When data is collated and analysed in the right way, we can spot trends that lead to more insightful decision making. This is easier to do when data is neatly ordered, and sitting in cleansed databases. But what about unstructured data such as the weather and world events?
These factors are less predictable but can have a massive impact on the supply chain. According to Bernard Marr, author of Big Data in Practice, companies are now starting to monitor, collect and utilise this type of information.
“As with just about every area of industrial operations, Big Data is starting to make inroads into logistics and supply chain management – large steps have certainly been taken over the past two years,” he said.
Previously untapped sources of data, such as social media, are now being harnessed in order to anticipate demand for a products and generate real time insights in a way that historical data cannot. With companies also looking to take advantage of technology, such as RFID systems, bar code scanners and Internet of Things devices, the number of data streams businesses are expected to manage is growing exponentially.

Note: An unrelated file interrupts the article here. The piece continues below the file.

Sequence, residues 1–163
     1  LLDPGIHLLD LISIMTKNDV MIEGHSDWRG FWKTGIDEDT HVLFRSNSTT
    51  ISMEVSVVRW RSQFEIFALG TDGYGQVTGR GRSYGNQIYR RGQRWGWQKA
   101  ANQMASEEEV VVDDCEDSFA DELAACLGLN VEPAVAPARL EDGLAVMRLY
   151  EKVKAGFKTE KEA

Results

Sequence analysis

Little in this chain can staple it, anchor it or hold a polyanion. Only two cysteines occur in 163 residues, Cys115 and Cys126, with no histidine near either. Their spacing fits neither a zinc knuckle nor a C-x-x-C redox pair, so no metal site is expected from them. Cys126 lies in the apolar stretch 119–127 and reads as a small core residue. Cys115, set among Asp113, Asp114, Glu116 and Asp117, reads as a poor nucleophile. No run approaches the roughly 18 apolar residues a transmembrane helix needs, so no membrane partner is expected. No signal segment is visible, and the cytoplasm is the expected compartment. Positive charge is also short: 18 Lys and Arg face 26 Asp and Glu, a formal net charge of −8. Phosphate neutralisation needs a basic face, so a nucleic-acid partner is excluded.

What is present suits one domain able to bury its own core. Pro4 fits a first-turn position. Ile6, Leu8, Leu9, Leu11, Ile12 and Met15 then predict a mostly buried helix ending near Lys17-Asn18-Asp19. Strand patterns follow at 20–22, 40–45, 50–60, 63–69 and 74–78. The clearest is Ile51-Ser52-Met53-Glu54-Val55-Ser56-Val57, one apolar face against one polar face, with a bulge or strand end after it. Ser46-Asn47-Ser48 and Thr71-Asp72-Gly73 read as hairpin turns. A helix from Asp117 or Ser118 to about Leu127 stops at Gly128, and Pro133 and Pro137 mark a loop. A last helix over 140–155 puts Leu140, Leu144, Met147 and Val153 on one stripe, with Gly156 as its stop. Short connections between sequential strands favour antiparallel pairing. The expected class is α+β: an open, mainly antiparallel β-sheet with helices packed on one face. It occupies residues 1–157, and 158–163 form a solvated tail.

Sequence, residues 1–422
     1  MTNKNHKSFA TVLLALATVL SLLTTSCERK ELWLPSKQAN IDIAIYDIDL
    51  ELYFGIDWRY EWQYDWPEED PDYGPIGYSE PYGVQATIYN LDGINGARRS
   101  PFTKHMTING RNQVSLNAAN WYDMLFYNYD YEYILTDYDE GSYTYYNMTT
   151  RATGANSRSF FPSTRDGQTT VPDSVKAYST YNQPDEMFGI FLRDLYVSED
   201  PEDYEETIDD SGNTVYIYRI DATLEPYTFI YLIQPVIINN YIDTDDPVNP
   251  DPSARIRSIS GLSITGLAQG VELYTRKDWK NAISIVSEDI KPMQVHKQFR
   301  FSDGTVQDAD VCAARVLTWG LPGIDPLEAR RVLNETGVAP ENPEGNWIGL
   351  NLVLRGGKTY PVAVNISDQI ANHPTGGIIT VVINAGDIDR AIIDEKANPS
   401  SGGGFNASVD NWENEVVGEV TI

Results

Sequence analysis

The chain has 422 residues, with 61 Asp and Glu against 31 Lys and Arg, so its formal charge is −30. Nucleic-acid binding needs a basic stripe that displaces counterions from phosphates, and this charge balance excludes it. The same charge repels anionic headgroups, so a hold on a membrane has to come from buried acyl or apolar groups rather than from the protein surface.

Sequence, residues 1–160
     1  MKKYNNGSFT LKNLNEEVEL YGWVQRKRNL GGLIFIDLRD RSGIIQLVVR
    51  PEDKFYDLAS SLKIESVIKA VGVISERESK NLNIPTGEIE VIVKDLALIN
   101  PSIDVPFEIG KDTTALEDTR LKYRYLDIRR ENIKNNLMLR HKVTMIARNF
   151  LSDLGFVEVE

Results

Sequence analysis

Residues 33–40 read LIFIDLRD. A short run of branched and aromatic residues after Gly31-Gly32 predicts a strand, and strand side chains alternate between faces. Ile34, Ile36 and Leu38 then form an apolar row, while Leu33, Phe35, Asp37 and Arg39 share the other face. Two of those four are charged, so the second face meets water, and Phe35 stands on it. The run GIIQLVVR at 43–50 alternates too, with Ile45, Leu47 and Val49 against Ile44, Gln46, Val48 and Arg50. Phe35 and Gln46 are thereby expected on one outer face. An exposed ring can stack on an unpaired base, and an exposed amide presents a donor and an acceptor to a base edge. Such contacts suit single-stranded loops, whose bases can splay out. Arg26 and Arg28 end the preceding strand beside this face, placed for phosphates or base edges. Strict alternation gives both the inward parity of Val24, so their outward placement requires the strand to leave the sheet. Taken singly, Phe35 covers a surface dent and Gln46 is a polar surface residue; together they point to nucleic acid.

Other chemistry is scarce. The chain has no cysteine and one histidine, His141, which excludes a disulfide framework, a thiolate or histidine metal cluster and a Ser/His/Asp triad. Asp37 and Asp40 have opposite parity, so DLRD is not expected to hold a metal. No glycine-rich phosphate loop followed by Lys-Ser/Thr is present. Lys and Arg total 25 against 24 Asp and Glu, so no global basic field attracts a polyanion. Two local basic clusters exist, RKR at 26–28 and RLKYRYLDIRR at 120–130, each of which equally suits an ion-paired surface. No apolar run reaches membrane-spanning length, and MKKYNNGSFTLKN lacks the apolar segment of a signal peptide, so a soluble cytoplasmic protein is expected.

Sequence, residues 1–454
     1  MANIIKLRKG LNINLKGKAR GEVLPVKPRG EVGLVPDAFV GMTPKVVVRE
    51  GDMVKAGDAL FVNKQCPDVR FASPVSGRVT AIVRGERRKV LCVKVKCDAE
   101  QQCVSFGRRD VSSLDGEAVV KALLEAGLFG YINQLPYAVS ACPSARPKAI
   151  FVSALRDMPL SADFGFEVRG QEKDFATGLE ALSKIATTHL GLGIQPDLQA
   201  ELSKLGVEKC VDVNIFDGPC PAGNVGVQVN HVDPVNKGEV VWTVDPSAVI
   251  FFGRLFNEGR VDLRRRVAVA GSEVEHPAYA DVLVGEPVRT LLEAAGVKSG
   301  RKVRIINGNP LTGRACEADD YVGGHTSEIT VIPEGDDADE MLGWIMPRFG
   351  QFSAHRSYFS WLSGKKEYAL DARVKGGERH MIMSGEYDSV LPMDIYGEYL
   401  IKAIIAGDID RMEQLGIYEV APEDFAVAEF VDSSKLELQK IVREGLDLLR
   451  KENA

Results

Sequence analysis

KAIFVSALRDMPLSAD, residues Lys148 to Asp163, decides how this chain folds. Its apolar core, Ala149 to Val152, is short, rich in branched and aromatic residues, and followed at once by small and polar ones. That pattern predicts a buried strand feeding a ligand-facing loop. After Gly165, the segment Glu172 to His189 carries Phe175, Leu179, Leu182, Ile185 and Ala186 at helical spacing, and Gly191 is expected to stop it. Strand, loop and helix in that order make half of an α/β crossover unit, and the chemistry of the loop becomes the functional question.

Companies looking to exploit various sources of information, coming from both inside and outside the organisation, will need to have systems in place to process all this Big Data. Without an enterprise resource planning (ERP) software system, like Access Supply Chain, it will be difficult for companies to make the information accessible and turn insight into actions.
Marr believes there is still a long way to go when it comes to exploiting the potential of Big Data, but claims companies can’t afford to ignore the potential. “Opportunities to create efficiency and savings through smart use of data are everywhere,” he said.